Both major parties have been implicated. Within Labor the NSW state and federal parties have been closely linked. Senator Sam Dastyari is the most well-known federal Labor figure. When his links with Chinese-owned companies were revealed he was removed from the shadow ministry. On the Coalition side the former trade minister Andrew Robb was snapped up after leaving parliament at a consultancy rate of nearly $1 million per year to advise one of the companies concerned.
Both Dastyari and Robb consider themselves unfairly treated. The former thought his acceptance of financial favours was just careless and trivial, while the latter was apparently dumbfounded that anyone should question his new job on ethical grounds.
Such reactions are par for the course. They are a sign that the political class just doesn't understand how compromised their acceptance of insider politics as normal has made them. Notably both men had long careers in party organisations before entering politics so they know how the system works.
Foreign influence comes in many forms and Australia is not a political island. However, foreign political donations should be strictly regulated because our domestic politics should be insulated from foreign influence as far as possible. China poses a special concern in this context.
But there is a contradiction at the heart of any parliamentary response which comes down hard on foreign political donations without looking at the bigger picture. If we put our house in order as far as political donations and lobbying in general are concerned we can then better consider those from foreign sources.
John Warhurst is an Emeritus Professor of Political Science at the Australian National University.
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19 June 2017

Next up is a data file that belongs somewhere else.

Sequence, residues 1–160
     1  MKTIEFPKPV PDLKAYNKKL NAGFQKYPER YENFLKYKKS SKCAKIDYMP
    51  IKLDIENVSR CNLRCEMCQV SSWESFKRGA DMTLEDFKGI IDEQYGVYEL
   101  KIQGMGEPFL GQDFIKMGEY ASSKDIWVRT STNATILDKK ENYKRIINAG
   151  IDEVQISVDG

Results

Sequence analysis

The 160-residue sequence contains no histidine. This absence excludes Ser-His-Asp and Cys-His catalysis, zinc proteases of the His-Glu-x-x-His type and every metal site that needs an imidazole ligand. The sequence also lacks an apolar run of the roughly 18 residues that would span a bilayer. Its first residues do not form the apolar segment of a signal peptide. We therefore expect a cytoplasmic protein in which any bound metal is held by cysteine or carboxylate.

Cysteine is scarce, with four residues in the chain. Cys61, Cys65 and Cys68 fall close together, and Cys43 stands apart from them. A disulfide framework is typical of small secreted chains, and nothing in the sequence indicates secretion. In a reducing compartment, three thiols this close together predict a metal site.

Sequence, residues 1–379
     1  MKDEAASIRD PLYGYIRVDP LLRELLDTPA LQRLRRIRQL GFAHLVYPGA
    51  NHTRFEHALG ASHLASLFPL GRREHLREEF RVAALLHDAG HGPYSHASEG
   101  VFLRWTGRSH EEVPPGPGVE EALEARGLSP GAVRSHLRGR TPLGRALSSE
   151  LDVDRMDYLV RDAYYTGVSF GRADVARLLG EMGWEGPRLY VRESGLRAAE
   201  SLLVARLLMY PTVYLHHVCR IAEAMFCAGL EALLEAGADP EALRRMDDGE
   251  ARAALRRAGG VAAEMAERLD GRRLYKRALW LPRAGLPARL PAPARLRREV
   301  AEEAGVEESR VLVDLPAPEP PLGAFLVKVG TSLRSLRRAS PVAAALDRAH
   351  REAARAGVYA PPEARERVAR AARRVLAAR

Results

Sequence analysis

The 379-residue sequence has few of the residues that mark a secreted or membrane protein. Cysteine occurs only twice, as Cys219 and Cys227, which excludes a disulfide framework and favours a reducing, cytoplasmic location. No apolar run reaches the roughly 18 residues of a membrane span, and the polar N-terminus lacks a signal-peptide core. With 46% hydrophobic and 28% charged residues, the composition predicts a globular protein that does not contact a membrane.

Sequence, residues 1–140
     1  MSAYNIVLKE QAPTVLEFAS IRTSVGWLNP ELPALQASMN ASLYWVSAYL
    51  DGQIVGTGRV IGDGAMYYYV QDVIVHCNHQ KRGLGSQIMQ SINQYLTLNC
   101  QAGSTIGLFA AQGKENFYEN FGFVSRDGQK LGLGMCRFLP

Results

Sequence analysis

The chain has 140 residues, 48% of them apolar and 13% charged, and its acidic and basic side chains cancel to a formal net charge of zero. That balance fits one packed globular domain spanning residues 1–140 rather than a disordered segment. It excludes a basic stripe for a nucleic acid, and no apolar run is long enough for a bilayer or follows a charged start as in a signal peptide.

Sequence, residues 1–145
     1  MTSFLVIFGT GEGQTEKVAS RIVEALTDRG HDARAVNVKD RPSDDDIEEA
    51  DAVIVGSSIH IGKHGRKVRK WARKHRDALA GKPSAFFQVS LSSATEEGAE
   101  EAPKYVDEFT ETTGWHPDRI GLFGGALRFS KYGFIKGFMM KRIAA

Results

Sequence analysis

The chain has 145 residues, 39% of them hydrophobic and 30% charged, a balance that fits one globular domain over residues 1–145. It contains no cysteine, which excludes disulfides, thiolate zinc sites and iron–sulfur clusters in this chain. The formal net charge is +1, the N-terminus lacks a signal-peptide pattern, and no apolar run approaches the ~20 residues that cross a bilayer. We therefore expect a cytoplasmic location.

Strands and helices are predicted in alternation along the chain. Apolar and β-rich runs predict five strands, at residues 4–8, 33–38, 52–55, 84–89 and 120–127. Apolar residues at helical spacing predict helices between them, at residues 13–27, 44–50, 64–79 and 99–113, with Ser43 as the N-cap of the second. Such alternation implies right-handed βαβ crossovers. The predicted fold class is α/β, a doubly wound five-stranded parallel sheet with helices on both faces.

'...the political class just doesn't understand...' or, I would add, 'care'. Which is to a large extent why one third of the electorate deserted the mainstream parties at our last federal election. It is gross hypocrisy for federal politicians to hound welfare 'cheats' whilst resisting the establishment of a federal ICAC.
20 June 2017
“our domestic politics should be insulated from foreign influence as far as possible“. Our domestic politics should be insulated from any and ALL influences, as far as possible, that deflect us from pursuing Ideal Politics. Our opposition to ’Foreign Influence’ is usually based on differences between their interpretation of ideals and ours. 'Our' interpretation is often formed on values we bonded to in our early years, before intelligence developed, when we relied on the emotions and instincts we inherited from our animal forebears. Since these are 'pre-intelligence' they are mostly unconscious attitudes, not easily dislodged by reason. Because they generally favour the Status Quo, we tend to defend them using terms like Tradition, Loyalty, and Keeping the Faith. Real Progress is made when we recognise any real value in ideals that clash with ours, and can combine to form a higher synthesis. 'Adapt or die' OR 'Adapt and Thrive'.